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September 2, 2014 / 7 Elul, 5774
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Posts Tagged ‘Chapter One’

Tevye in the Promised Land, Chapter One: Anatevka

Monday, June 18th, 2012

Nemerov, the district Police Commissioner, reared his horse in the air.

“Three days,” he warned. “The Jews of Anatevka have three days to clear out of the area.”

Tevye spat in disgust at the ground. “Three days,” he brooded. Three days were all the authorities were giving the Jews to sell their belongings and evacuate the village they loved.

It didn’t matter that the Jews had lived in Anatevka long before the Russians. The Police Commissioner didn’t care that Tevye’s great-grandfather, may his memory be a blessing, had cleared the forest by the lake and built the first house in the region. It didn’t matter to the Czar and his soldiers that for as long as anyone could remember, the Jews had dutifully paid the taxes which had laden the Czar’s table with food, while the pantries of the Jews remained bare. Nor did it matter to them that the Jews had cleaned out the stables of the Russian landowners, chopped their wood, sewed their garments, and delivered their milk. It didn’t matter that a Jew would bow in respect when a Russian passed by, just to keep peace. Nor did it matter to them that the decent folk of Anatevka had no other place to call home. They were Jews, and that was that. The Czar, may he and his loved ones be cursed, had made his decision in the interests of the motherland. His order was final. The Jews had three days to get out. The butchers, bakers, and candlestick makers of Anatevka had been declared enemies of the state.

The usually goodhearted milkman spat in anger as the Police Commissioner and his soldiers rode out of the village. Then he looked up at the heavens and prayed.

“My Father and King, Whose ways are perfect and just, and Who does only good to His people – even if we can’t understand Your kindness in throwing us out of our homes – after the Jews of Anatevka have journeyed to some faraway land, may the Czar and his Cossacks be swallowed up into the earth.”

Not that all Russians were as wicked as the Czar and his soldiers. After all, the same God had created all people, Jews and Russians alike. Loving God meant loving all of His creation. But sometimes, it wasn’t so easy. When someone kicks you out of your home, and treats you like dirt, it’s hard for a man to be grateful.

Where would they go? Tevye didn’t know. To Broditchov, in a distant part of Russia, where the pogroms had not yet struck? To America? To Poland? To the Land of Israel? To England? Or France? Tevye didn’t have time to think up a plan. He would simply go along with everyone else in his village, wherever the Almighty led them. After all, had Abraham known his destination when God told him to leave his birthplace for some faraway land? As the Torah says, “And Abraham believed!” He trusted in God. Without complaining, he packed up his belongings and went.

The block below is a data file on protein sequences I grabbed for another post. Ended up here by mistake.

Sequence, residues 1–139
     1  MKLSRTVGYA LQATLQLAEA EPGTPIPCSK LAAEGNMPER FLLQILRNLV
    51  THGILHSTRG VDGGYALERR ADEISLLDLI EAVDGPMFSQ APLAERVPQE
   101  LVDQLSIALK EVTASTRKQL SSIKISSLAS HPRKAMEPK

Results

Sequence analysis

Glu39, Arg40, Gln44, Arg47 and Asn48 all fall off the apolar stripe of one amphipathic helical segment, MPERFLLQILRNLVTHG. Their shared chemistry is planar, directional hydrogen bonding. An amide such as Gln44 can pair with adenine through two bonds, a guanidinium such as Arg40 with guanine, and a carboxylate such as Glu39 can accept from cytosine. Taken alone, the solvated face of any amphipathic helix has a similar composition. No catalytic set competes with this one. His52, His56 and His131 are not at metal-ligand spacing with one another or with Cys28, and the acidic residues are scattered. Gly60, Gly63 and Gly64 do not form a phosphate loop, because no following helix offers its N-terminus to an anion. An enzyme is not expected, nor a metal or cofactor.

Tevye’s head kept spinning like it did when he drank too much vodka on Purim. There were so many things to arrange. How do you pack a lifetime into three days? Maybe he should have pulled the Police Commissioner off of his horse and given him a good thrashing. Maybe he should have rallied the Jews to rebellion. But what would that have accomplished? Reports of pogroms had reached them from all over Russia. Burnings, lootings, evacuations, the slaughter of innocent women and children. Just because they were Jews. How could they rebel? Did the Jews have an army? Did they have weapons with which they could fight? Was Tevye Judah the Maccabee, that he could rally people to follow him? What kind of resistance could the lowly Jews muster?

Tevye trudged back to his tiny castle, the home he had built long ago with more youthful hands. Was a house merely pieces of wood that a man could so easily sell it? What about all of the years, the memories, the joys, and the sorrows? True, Tevye thought, he could have survived just as well without all of the sorrows, but that was the life of a Jew. There were good times and bad. A house could be sold, but what about all of the memories engraved in the planks of the walls? Well, he supposed he could take his memories with him.

Title: The Light of Thirty-Six: Accessing the Hidden Light of Creation on a Daily Basis

Thursday, May 26th, 2011

Title: The Light of Thirty-Six:


Accessing the Hidden Light of


Creation on a Daily Basis


Author: Pinchas Winston


Publisher: Thirtysix.org


 


 


   Readers and nervous newshounds wondering how to become more spiritual in a hurry can take steps toward meeting that goal by studying The Light of Thirty-Six: Accessing the Hidden Light of Creation on a Daily Basis. Read and re-read the book. Invest time, effort and thought into your spirituality-seeking process so you can act on the book’s lessons seriously, not superficially.

 

   Author Pinchas Winston’s decades of deeply insightful research into Jewish spirituality focuses on the significance of Chanukah, Ohr HaGanuz and specific numbers related to them – particularly 36, 25, and 11. These and other numbers important to Jewish spirituality are explored in this paperback, too. The introduction indicates that ” the number eight symbolizes our unique relationship with God a supernatural level of existence ” Readers will then learn why ” all redemptions of the Jewish People are miraculous” and that numbers 70, 112 and 240 also spell out spiritual lessons. They’re explained later in the book.